Christopher Austin, M.D., NCATS Director
The National Center for Advancing Translational Sciences (NCATS) will hold a policy workshop on December 11, 2012 at the Universities at Shady Grove in Rockville, MD. The goal of this workshop is to explore how NCATS can develop a proactive policy research and analysis agenda to inform translational research. AADR staff will participate in the NCATS workshop and share relevant news.
For more information and to register for this event, click here.
Now that the 2012 elections are over, Congress is returning to the business of crafting a 10-year deficit reduction plan. While efforts to bring the federal budget into greater balance are certainly necessary, Congress must do so in a way that doesn’t cost lives or impede the economic growth made possible through investments in biomedical research.
On January 2, 2013, the National Institutes of Health – along with much of the Federal government – stands to lose approximately 8% of its budget as required by the Budget Control Act of 2011 (BCA). The $2.5 billion loss at NIH would result in 2,300 fewer research grants awarded in Fiscal Year (FY) 2013 alone. For the fiscal year that concluded on September 30, 2012, the NIH grant success rate is likely to be reported as falling to 15% -an all-time low. A budget loss at the level required by the BCA could send the NIH grant success rate towards the single digits. Continue reading
AADR partner, the Coalition for Health Funding, reports that senior staff on Capitol Hill and in the Obama administration have communicated an intent to protect the non-defense discretionary (NDD) budget as much as possible during the ongoing negotiations of an alternative to the across-the-board budget cuts set to take place on January 2nd. The NDD budget includes much of the Department of Health and Human Services, including NIH/NIDCR. Reductions already made to the NDD budget, since passage of the Budget Control Act of 2011, may be credited towards the overall deficit reduction target. Such a step would be significant to the effort to sustain health and research funding going forward. Last week, in a post-election appearance in the East Room of the White House, President Obama reiterated his position that a balanced approach to deficit reduction must be generated in the next two months. He touched on the issue again in a press conference on Wednesday (11/14), mentioning basic research as an example of the casualties possible if NDD continues to be the sole target of deficit reduction. A CHF letter to leaders on Capitol Hill can be found here.
Later this week, AADR will release an important call for member action in e-mailing their Members of Congress to urge the protection of funding for research. The alert will be e-mailed to AADR members and available on this site.
The campaign speeches, debates and rallies are over. The results in most states are known at the presidential and congressional levels. However, the November 6th elections did little to settle the debate on how best to reduce the deficit while bolstering the U.S. economy.
A majority of voters opted to give President Barack Obama additional time to right the economy. The president appears on course to secure roughly 51% of the vote and 332 electoral college votes (270 needed for victory). Democrats will gain seats in the United States Senate — retaining their majority — through battleground victories in Connecticut, Florida, Indiana, Massachusetts, Missouri, Montana, New Mexico, North Dakota and Ohio. Republicans will keep their majority in the House of Representatives. However, the net change remains unknown. Overall, after Inauguration Day 2013, the political makeup of the federal government will be much the same as it is today. Continue reading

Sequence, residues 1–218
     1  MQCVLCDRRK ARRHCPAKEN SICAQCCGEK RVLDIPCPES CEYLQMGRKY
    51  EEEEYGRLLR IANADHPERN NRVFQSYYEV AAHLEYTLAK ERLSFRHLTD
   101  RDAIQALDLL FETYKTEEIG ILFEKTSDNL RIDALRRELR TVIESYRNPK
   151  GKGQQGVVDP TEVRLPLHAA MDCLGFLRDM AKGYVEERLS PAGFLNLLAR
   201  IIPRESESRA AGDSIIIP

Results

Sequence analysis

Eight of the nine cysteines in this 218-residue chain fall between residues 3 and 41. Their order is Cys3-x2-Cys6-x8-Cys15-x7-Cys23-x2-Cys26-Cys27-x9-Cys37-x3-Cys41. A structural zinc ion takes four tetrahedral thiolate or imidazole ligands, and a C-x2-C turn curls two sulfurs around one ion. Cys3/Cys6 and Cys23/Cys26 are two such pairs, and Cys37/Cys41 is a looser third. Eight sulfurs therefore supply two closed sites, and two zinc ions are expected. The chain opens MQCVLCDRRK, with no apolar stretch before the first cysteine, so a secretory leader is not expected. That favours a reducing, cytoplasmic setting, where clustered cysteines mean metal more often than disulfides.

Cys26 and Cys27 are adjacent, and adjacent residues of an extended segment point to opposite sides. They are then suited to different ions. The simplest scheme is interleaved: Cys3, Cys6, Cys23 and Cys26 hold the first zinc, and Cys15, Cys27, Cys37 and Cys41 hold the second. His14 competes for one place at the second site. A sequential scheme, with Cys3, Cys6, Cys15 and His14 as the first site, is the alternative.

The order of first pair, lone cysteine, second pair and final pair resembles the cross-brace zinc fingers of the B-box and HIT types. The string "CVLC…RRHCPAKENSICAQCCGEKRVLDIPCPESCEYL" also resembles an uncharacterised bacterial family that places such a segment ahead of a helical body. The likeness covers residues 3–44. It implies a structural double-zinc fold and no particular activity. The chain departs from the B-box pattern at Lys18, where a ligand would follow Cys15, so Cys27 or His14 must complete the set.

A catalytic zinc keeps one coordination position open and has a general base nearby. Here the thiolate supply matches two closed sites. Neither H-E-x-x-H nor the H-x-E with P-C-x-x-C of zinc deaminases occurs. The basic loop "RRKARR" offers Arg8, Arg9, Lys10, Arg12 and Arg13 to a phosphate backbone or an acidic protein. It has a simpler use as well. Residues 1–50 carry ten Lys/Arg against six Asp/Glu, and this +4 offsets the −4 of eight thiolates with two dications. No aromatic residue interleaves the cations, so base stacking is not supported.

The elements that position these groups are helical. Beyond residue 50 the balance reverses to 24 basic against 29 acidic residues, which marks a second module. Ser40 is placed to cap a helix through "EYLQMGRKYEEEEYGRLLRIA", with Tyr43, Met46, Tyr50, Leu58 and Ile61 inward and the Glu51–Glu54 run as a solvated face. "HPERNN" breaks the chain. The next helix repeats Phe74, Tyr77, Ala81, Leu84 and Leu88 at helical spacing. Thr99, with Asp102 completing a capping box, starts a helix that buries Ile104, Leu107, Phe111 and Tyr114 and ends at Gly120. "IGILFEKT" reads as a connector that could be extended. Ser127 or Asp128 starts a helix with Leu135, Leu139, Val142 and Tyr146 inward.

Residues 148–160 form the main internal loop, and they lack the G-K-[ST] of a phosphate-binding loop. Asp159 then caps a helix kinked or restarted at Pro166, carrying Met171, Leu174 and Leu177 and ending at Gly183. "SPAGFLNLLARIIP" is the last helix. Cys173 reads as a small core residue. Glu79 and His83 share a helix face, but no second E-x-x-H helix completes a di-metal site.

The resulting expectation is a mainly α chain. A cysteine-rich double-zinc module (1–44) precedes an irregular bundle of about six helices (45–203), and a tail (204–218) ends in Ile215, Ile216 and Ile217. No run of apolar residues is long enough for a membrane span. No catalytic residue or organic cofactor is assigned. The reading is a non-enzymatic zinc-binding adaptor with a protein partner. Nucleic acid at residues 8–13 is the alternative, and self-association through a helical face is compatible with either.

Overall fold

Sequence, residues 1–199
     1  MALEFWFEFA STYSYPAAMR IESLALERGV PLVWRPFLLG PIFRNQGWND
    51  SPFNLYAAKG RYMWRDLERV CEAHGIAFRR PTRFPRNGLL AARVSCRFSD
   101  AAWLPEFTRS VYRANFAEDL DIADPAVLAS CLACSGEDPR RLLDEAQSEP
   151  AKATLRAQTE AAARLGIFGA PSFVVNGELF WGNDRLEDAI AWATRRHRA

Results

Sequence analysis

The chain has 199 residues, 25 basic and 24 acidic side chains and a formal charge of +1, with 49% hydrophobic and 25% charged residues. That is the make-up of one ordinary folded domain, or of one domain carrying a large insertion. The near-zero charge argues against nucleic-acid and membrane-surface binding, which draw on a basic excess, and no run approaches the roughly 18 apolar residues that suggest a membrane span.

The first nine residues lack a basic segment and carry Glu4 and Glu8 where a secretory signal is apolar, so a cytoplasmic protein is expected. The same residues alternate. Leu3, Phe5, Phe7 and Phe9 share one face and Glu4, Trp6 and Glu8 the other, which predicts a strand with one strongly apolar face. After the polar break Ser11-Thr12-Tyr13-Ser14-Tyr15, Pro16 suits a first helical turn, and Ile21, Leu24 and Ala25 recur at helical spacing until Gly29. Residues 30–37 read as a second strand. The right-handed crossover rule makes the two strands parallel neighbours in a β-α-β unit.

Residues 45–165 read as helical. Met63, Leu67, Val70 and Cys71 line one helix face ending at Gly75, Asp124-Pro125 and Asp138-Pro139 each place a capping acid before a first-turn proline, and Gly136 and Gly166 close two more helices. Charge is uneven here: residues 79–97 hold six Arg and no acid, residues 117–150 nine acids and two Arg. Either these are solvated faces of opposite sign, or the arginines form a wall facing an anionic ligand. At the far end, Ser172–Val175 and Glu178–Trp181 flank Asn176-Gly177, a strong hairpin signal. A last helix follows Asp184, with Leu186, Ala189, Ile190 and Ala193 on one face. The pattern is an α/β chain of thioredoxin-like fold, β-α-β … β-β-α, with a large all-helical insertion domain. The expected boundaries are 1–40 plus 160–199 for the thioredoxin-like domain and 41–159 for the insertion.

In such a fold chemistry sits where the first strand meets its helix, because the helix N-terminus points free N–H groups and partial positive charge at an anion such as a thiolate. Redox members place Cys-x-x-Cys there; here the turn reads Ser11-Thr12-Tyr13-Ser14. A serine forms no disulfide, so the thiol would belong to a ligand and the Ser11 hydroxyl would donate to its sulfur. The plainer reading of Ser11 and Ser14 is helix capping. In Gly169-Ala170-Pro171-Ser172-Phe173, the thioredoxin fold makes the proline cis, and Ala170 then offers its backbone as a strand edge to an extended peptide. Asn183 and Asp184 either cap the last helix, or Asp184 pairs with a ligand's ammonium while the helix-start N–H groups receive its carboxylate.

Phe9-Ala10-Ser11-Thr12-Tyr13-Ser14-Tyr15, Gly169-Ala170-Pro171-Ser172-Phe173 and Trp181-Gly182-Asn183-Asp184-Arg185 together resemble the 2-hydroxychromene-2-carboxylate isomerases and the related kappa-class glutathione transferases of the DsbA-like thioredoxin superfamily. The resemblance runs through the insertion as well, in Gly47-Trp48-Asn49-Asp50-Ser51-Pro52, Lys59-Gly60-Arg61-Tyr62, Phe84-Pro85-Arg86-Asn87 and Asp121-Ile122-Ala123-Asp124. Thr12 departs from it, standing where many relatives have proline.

It’s election eve and hopefully science is on the mind of the electorate. Candidates at the congressional and presidential levels have responded to questions posed by the science community. Several organizations, including the American Association for the Advancement of Science and the National Academies Press, have partnered to compile presidential candidate responses to 14 questions and the results can be found on ScienceDebate.org. Additionally, AADR has co-sponsored the Research!America 2012 Your Candidates Your Health inititiave, which provides candidate responses in a searchable database at the congressional and presidential levels. Following the elections on Tuesday, AADR will provide analysis of the impact on research to be expected.
The U.S. Department of Health and Human Services (HHS) recently requested public comment on proposed new Healthy People 2020 objectives. The new objectives would be added to the Educational and Community-Based Programs and Seocial Determinants of Health topic areas. According to HHS, “Healthy People 2020 will provide opportunities for public input periodically throughout the decade to ensure that Healthy People 2020 reflects current public health priorities and public input.” AADR applauded HHS for new objectives intended to enhance DDS and DMD programs, but asked that research be more specifically addressed. Continue reading
NIH Director Dr. Francis Collins is now an active blogger. His blog site was launched on November 1st and now features interesting posts on issues facing NIH as well as special events.
WELCOME TO THE NIH DIRECTOR’S BLOG!
By Dr. Francis Collins, on November 1st, 2012
I’m starting this blog to highlight new discoveries in biology and medicine that I think are game changers, noteworthy, or just plain cool. Depending on what’s going on in the world of biomedical research, I may tell you about an interesting study in a journal, or share my thoughts about a news item or public health issue.